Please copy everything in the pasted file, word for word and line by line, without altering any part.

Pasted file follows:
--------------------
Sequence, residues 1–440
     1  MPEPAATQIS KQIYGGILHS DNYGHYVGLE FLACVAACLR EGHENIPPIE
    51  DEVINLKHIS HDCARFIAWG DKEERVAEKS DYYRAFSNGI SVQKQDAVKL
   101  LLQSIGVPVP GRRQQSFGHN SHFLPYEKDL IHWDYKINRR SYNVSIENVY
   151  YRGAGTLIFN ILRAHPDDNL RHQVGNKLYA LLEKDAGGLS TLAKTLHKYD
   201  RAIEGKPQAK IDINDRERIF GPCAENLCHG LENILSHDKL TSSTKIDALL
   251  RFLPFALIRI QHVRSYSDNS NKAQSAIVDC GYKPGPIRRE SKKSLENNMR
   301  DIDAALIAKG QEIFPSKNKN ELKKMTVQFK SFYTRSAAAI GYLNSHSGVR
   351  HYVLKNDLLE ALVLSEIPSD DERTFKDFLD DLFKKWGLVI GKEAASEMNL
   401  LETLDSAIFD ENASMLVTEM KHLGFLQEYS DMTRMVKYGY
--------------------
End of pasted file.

Sequence, residues 1–440
     1  MPEPAATQIS KQIYGGILHS DNYGHYVGLE FLACVAACLR EGHENIPPIE
    51  DEVINLKHIS HDCARFIAWG DKEERVAEKS DYYRAFSNGI SVQKQDAVKL
   101  LLQSIGVPVP GRRQQSFGHN SHFLPYEKDL IHWDYKINRR SYNVSIENVY
   151  YRGAGTLIFN ILRAHPDDNL RHQVGNKLYA LLEKDAGGLS TLAKTLHKYD
   201  RAIEGKPQAK IDINDRERIF GPCAENLCHG LENILSHDKL TSSTKIDALL
   251  RFLPFALIRI QHVRSYSDNS NKAQSAIVDC GYKPGPIRRE SKKSLENNMR
   301  DIDAALIAKG QEIFPSKNKN ELKKMTVQFK SFYTRSAAAI GYLNSHSGVR
   351  HYVLKNDLLE ALVLSEIPSD DERTFKDFLD DLFKKWGLVI GKEAASEMNL
   401  LETLDSAIFD ENASMLVTEM KHLGFLQEYS DMTRMVKYGY